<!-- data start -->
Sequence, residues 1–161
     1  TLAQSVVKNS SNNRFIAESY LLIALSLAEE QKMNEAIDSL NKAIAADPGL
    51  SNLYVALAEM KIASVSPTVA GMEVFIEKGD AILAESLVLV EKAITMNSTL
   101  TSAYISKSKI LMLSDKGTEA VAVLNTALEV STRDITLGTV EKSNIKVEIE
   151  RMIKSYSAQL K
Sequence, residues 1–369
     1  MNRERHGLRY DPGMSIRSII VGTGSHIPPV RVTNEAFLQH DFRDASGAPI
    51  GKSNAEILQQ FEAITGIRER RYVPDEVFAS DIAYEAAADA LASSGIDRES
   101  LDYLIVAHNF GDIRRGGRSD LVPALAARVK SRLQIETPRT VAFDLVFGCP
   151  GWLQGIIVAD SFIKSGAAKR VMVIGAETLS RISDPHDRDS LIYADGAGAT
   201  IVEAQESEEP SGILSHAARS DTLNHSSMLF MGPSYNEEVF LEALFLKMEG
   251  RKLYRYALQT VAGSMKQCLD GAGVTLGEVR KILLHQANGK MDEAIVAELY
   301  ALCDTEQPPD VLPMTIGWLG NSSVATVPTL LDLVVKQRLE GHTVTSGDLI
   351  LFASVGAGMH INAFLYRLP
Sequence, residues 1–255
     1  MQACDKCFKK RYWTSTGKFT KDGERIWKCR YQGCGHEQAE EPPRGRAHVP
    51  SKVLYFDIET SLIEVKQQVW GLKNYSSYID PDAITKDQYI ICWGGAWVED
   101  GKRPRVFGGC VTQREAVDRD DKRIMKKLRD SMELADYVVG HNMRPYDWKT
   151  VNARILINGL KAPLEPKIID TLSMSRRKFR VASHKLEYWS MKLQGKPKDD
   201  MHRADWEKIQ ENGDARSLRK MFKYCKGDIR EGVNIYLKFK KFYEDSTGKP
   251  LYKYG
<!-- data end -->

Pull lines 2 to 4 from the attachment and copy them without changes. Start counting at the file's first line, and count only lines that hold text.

     1  TLAQSVVKNS SNNRFIAESY LLIALSLAEE QKMNEAIDSL NKAIAADPGL
    51  SNLYVALAEM KIASVSPTVA GMEVFIEKGD AILAESLVLV EKAITMNSTL
   101  TSAYISKSKI LMLSDKGTEA VAVLNTALEV STRDITLGTV EKSNIKVEIE